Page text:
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Problem with jib halyard

Sep 22, 2018
Hunter 216 Kingston
Honestly it's the cost.
If Its not a necessity, to take it down, I'd rather use that expense on another part of the boat.
I appreciate your logic of spending the $ on new parts etc. I got agitated twice a year having to pay lots of money to step the mast.

I was working off your comments about the integrity of the halyards to accomplish the climb safely and your comfort level of being up 50 some feet above the deck. I’ve never climbed a boat mast but have been on silos (that didn’t move either) and its really not a lot of fun (or I didn’t find it so anyway). Walking 50ft on the ground is simple, looking down the same distance dangling off a rope is not identical.

Going up for an inspection or a minor repair is one thing but you seem to have a list of things you want to make right so you might feel like a it’s a lifetime up there and possibly get in trouble if you are nervous.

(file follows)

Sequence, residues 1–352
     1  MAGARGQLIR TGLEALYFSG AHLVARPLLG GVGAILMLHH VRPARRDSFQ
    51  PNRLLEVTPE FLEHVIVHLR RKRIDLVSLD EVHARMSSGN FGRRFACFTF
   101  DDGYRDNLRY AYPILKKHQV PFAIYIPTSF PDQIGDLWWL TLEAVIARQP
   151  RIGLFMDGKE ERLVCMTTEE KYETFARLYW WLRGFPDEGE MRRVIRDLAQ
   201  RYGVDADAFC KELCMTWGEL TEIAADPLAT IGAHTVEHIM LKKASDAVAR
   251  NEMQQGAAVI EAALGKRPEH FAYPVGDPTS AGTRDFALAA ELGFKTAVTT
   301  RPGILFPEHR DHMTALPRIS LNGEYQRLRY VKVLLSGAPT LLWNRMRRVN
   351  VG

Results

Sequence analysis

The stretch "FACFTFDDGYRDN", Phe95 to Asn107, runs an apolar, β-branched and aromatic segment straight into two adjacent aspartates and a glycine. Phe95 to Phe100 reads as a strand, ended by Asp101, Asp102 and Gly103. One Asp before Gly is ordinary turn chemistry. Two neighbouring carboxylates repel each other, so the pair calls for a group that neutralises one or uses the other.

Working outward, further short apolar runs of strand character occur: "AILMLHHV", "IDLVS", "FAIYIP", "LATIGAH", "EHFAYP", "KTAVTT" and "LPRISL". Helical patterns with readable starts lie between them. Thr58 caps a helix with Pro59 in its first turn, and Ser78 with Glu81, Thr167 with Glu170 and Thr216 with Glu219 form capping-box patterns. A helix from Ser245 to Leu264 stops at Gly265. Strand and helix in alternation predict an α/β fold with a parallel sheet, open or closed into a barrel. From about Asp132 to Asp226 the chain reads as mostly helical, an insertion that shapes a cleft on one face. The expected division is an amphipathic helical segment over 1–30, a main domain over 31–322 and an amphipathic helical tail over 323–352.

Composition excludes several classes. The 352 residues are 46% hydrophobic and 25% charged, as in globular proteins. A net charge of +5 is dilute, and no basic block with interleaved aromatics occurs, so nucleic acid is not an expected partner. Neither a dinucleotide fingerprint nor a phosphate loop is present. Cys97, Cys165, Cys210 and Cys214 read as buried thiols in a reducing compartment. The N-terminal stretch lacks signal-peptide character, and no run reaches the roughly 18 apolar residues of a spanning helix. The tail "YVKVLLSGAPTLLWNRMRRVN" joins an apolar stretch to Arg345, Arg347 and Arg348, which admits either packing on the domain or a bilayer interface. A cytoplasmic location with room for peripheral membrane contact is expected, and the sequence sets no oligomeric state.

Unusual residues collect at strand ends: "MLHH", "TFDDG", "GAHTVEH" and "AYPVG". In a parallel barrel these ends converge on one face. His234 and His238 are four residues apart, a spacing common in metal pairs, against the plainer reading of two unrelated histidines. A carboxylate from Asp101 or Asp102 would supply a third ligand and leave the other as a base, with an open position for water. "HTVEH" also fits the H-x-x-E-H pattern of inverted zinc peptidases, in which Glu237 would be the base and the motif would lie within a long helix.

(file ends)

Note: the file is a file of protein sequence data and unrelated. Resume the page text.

Working on the ground at your leisure where you can check absolutely everything shrouds, spreaders etc has a “value” as well.
Just sayin. ;)
Jan 30, 2017
Hunter legend 37 na
Another factor is , the locations that can get my mast down will not allow me to do my own work on their property.

I've considered hauling it home where I could take my time and do everything I want without the 8 hours of driving. But I've heard the saying, once in my yard, there it would probably remain.

I'm not looking forward to the climb, not found of heights but do have a history of rock climbing and climbing light poles. The light poles did away a little.

I plan on planning an order of doing things to limit the number of times I go up
Jun 25, 2004
Corsair F24 Mk1 003 San Francisco Bay, CA
Thank you for responding. I wondered if the furling extrusion is too long or jib too long. I am looking at clearances and running of the jib halyard binding?
The angles and clearances at the top of the jib furler look good to me. That’s typical for a Profurl furler with the Profurl wrapstopper at the top.

Some Profurls have a proprietary system at the top in which the upper swivel has a tang on the top which contacts the wrap stopper to prevent the jib halyard from wrapping around the forestay.

Some newer versions don't have a tang, just a shackle. There should be about 1.5-2" of extrusion showing between the wrap stop and the upper swivel when the sail is fully hoisted.

Judy B
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